24. Describe the fourth generation computer based on the (a) Hardware (b) Software (c) Computing characteristics (d) Physical appearance and (e) Their applications. 25. Give two examples of fourth generation computers. 26. List the drawbacks of the fourth generation com puters.

Section 1.5.5
27. The fifth generation computers used____________ for circuitry. 28. Describe the fifth generation computer based on the (a) Hardware (b) Software (c) Computing characteristics (d) Physical appearance and (c) Their applications. 29. Give two examples of fifth generation computers. 30. Compare in detail the five generations o f computers based on the (a) Hardware (b) Software (c) Com puting characteristics (d) Physical appearance and (e) Their applications. Also give at least one exam ple of each generation of computer.

Section 1.6.1
31. Define microcomputer. 32. Give two examples of microcomputer. 33. List three categories of microcomputers.
S e c tio n

16 . O c M jrib c t h e .s e c o n d g e n e r a t i o n c o m p u t e r b a s e d

on the (a) Hardware (b) Software (c) Compuring characteristics (d) Physical appearance and (e) Their applications. 17. Give two examples of second generation computers. 18. List the drawbacks of the second generation com puters.

1.6.2

34. Define minicomputers. 35. Give two examples of minicomputer.

Section 1.6.3
36. Define mainframe computer. 37. Give two examples of mainframe computer. 38. Define a dumb terminal. 39. Define an intelligent terminal.

Section 1.5.3 19. The third generation ____________ for circuitry. computers used

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THE COMPUTER SYSTEM HARDWARE


c

x: w i \y
./ K Y

Central Processing Unit (CPU) Arithmetic logic unit Registers Control Unit (CU) Memory unit Cache memory Primary memory Secondary memory Instruction format Instruction set Instruction cycle Fetching, executing, storing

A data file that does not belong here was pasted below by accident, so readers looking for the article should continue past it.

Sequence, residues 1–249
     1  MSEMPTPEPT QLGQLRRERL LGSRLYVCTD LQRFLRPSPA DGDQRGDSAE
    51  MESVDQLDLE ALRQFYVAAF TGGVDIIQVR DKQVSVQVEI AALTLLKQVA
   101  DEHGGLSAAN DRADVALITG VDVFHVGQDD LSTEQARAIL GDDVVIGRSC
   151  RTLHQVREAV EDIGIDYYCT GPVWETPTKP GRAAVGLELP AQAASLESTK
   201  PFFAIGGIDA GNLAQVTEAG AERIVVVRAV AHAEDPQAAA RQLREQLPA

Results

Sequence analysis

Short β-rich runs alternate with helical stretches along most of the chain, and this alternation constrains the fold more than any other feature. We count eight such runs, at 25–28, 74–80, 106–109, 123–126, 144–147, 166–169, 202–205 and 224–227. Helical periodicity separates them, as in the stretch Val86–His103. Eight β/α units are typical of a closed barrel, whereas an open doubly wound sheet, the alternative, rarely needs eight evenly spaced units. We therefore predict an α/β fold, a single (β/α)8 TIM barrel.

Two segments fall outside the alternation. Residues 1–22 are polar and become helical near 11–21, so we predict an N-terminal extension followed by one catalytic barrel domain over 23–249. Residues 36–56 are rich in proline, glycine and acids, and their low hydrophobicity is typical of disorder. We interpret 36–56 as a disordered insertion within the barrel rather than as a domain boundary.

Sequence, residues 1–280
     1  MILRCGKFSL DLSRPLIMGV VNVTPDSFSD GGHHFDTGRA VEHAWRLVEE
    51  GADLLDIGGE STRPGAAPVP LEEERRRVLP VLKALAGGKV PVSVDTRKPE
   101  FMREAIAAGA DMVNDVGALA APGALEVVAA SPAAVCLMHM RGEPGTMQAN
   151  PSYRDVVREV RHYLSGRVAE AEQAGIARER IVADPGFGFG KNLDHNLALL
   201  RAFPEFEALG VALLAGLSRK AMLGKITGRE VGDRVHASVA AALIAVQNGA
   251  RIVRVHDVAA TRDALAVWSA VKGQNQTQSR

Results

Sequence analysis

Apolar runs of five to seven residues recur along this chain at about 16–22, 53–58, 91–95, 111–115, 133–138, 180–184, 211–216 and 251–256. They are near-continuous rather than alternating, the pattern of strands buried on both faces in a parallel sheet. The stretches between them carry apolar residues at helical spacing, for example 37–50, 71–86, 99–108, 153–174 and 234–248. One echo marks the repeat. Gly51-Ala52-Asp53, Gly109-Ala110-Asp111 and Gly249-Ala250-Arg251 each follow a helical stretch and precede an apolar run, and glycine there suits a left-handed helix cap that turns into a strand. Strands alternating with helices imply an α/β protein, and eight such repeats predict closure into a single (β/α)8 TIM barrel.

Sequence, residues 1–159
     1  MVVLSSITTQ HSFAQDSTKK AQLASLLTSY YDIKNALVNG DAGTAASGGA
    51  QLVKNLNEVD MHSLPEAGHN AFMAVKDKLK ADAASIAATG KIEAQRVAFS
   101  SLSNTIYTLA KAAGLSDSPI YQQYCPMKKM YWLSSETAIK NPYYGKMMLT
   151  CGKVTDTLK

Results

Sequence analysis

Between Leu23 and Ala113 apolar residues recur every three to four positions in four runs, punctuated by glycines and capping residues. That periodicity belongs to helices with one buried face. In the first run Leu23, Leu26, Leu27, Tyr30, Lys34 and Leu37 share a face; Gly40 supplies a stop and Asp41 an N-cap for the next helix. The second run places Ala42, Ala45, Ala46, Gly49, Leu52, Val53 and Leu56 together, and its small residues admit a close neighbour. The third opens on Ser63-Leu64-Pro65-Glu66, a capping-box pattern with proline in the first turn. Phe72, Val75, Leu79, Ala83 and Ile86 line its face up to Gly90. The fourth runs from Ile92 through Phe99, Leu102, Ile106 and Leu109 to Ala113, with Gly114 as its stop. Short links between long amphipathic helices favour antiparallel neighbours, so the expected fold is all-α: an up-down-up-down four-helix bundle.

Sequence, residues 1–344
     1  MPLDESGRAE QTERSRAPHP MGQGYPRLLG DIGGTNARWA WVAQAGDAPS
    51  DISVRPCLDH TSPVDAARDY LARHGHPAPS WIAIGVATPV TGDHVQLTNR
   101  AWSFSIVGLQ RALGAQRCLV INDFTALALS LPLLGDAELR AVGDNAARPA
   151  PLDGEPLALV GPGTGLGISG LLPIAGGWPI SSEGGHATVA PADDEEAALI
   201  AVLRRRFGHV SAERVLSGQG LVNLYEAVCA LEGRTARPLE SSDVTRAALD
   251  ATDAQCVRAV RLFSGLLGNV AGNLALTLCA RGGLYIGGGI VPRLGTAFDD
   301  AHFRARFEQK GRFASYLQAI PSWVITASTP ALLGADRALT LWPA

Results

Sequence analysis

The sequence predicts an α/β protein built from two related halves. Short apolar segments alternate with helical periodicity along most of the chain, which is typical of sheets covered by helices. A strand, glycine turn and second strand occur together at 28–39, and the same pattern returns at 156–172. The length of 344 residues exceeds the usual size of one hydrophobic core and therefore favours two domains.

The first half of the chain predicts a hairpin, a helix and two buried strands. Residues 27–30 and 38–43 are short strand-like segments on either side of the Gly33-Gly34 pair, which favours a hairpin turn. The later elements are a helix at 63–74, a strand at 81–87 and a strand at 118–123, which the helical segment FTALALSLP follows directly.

Microprocessor CISC, RISC Interconnecting the units of a computer System bus, expansion bus, external ports Performance of a computer Registers, RAM, system clock, bus, cache memory Inside a computer cabinet Motherboard, ports and interfaces, expansion slots, ribbon cables, memory chips, storage devices, processor

decoding,

Why this chapter?

f i r

The com puter as a m achine consists of different com ponents that interact with each other to provide the desired functionality of the computer. As a user of the computer, w e need to be aw are of the m ain com ponents of the computer, their functions and the intercon & nection betw een the different com ponents of the computer. This chapter describes the different hardware com ponents of the computer.

.'J-J & A V fr . -a.I* ? *

2.1 INTRODUCTION
W h en we talk o f com puter hardware, the three related term s th at require introduction are com puter architecture, com puter organization and com puter design. Computer architecture refers to the structure and behavior o f the com puter. It includes the specifications o f the com ponents, for example, instruction form at, instruction set and techniques for addressing memory, and how they connect to the other com po nents. Given the com ponents, computer organization focuses o n the organizational structure. It deals with how the hardware com ponents operate and the way they are connected to form the com puter. Given the system specifications, computer design focuses on the hardw are to be used and the interconnection o f parts. D ifferent kinds o f com puter, such as a P C or a m ainfram e com puter m ay have different organization; however, basic organization o f the com puter rem ains the same. A com puter consists o f three main com ponents (1) In p u t/O u tp u t (I/O ) Unit, (2) Central Processing U nit (C PU ), and (3) M em ory Unit. T h e com puter user interacts w ith the com puter via the I/O unit. T h e purpose o f I/O unit is to provide data and instructions as in p u t to the com puter and to present relevant

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The Computer System Hardware

23

P ro c e s s o r L lc a c h e L 2 cach e

M N y

RAM

Figure 2.3

Illustration of cache memory

0 Cache m em ory is built into the processor, and may also be located next to it on a separate chip
between the C P U and RAM . Cache built into the C P U is faster than separate cache, run n in g at the speed o f the microprocessor itself. However, separate cache is roughly twice as fast as RAM.

0 T h e C P U has a built-in Level 1 (L l) cache and Level2 (L2) cache, as shown in Figure 2.3. In addition